Can Batman be any more emo than usual? Of course, he can! He is now taking bigger risks as he feels guilty over Jason’s death. Nightwing who is now part of the New Titans comes to help his former partner deal with new threats from Two-Face. We are introduced to a brilliant and earnest teen, Tim Drake, who has pieced together clues and figured out Batman and Nightwing’s secret identities. He convinces them that Batman still needs a Robin, and who better than him?

An afterword by writer Marv Wolfman was interesting and gave context to the story. The art and layouts were good but rather standard for the time period. Joker’s face was so exaggerated that it was distracting for me and hard to take him seriously as a villain. While this book hasn’t changed my opinion of Batman, I’m still glad I picked it up for it is considered a classic and fills in some gaps in my DC knowledge.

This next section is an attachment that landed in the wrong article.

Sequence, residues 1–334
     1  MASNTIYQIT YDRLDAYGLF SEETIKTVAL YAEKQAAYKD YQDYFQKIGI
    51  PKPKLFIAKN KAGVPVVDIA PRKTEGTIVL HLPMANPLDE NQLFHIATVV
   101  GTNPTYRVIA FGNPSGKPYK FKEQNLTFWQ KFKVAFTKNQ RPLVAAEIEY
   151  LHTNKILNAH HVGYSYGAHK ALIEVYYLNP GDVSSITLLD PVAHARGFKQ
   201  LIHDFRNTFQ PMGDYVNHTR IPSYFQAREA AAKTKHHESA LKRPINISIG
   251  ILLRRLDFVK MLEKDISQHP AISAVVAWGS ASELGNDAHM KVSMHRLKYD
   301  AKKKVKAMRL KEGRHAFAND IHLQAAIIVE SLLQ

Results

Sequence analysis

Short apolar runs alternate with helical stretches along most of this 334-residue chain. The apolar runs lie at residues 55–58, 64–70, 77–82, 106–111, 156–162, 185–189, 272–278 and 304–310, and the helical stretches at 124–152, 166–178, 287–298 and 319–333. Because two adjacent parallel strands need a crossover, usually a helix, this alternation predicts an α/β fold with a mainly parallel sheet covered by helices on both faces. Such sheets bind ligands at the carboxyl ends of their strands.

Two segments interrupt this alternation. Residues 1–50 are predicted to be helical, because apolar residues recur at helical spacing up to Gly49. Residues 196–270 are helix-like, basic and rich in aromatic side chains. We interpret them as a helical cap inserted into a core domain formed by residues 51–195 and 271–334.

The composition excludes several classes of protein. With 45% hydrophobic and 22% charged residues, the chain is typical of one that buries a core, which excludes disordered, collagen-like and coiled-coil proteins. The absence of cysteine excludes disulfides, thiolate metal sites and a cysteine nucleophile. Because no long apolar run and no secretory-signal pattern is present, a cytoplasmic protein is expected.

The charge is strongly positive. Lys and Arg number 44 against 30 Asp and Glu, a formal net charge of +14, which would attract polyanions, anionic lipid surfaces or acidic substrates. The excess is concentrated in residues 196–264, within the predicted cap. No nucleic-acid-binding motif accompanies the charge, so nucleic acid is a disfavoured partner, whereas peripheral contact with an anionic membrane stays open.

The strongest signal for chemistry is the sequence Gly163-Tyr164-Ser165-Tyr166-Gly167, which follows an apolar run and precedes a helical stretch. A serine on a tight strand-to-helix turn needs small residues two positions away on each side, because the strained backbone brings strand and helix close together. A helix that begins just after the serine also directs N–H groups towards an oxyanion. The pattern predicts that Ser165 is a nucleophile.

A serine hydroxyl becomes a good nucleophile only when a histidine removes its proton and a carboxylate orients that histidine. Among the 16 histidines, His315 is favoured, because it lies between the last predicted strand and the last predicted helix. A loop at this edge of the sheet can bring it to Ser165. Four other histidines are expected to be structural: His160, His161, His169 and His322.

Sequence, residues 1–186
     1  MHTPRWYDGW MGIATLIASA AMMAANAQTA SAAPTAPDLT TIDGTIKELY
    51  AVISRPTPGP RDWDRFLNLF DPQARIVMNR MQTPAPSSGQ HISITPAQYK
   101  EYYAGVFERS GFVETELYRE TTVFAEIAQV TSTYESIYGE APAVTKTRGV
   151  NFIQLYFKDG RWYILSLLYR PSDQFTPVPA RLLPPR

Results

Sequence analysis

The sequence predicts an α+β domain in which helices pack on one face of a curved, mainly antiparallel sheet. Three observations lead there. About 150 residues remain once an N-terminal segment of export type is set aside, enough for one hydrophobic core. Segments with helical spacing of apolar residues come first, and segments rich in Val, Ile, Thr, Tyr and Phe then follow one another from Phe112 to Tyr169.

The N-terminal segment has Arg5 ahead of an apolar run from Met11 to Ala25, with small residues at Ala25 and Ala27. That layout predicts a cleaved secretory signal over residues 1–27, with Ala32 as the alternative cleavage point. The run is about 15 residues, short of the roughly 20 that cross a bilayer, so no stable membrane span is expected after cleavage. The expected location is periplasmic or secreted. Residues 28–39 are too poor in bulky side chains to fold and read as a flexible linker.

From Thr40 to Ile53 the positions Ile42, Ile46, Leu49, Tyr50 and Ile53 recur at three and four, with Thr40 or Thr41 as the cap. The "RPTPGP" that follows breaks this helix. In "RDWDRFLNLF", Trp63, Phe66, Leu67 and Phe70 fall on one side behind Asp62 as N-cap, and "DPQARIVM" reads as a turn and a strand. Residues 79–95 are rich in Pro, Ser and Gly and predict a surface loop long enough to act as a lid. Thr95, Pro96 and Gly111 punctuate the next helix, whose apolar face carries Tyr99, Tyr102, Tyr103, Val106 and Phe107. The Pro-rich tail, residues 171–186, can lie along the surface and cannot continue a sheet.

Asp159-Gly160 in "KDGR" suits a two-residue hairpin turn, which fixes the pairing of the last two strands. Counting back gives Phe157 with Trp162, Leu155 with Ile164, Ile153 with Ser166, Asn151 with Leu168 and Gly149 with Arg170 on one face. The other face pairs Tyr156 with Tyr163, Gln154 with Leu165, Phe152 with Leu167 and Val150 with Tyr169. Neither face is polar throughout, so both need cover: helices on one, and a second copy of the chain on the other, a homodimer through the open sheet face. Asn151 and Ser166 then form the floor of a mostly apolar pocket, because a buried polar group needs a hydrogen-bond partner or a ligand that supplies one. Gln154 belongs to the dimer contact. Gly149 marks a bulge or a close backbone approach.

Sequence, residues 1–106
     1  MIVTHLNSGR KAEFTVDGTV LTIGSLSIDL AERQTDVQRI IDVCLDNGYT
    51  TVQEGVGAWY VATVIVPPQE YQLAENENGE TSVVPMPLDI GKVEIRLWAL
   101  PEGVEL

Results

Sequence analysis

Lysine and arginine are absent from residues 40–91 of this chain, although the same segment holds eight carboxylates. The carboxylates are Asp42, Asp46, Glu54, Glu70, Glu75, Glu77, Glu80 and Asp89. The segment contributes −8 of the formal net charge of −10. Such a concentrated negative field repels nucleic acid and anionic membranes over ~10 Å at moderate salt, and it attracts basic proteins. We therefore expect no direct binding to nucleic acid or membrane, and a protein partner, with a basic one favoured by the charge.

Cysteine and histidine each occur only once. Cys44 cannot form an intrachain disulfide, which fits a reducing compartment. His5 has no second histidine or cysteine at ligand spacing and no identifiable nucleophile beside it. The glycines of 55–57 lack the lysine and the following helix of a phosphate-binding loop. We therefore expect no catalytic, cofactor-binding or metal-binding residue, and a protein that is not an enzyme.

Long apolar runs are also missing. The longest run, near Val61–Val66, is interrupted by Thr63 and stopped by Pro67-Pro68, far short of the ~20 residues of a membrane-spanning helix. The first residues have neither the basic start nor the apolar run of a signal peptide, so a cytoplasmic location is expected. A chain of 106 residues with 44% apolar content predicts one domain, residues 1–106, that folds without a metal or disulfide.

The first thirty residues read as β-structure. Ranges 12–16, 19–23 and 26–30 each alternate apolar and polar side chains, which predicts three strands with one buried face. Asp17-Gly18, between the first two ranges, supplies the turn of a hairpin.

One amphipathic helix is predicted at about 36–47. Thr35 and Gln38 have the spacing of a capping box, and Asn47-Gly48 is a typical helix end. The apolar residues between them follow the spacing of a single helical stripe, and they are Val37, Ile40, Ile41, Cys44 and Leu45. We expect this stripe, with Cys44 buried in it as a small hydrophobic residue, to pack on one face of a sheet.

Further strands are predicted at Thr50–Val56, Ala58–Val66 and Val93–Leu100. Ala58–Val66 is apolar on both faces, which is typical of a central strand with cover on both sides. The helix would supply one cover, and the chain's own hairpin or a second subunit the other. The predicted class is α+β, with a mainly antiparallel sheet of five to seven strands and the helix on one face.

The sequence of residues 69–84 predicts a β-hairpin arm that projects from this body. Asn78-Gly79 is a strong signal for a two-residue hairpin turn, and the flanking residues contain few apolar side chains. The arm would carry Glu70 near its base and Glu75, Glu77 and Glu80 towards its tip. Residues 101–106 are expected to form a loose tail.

Overdue: Reckoning with the Public Library

As a librarian, I was anxious to read a fellow colleague’s take on public libraries, however, it turns out she only worked in a public library for nine months and I came away disappointed. A bulk of her time was spent in school libraries in DC, and I felt for her, for I myself had a brief stint as an elementary school librarian and I know too well all the limitations and extra work that administrators pile on school library staff.

As for her short public library experience, I know the neighborhood, as my family traveled to DC a few years ago, and we stayed at a townhouse in the gentrifying neighborhood of NoMa, so I saw the homelessness that is part of the city. Even in the two rural libraries I have worked at, there is homelessness and mental health issues among patrons, but what the branch she worked at deals with is on the extreme side. But despite that, how can she be the voice of librarians with her limited experience?

I enjoy my job as a teen librarian, but I know there is a lot of dissatisfaction among library workers, as I see a lot of raw feelings shared on Facebook on Twitter, and the pandemic has just magnified those issues. The author highlighted some very real problems in libraries, I just wish she had more experiences to draw on or had co-written it with another librarian, as to pull together a larger picture of libraries today.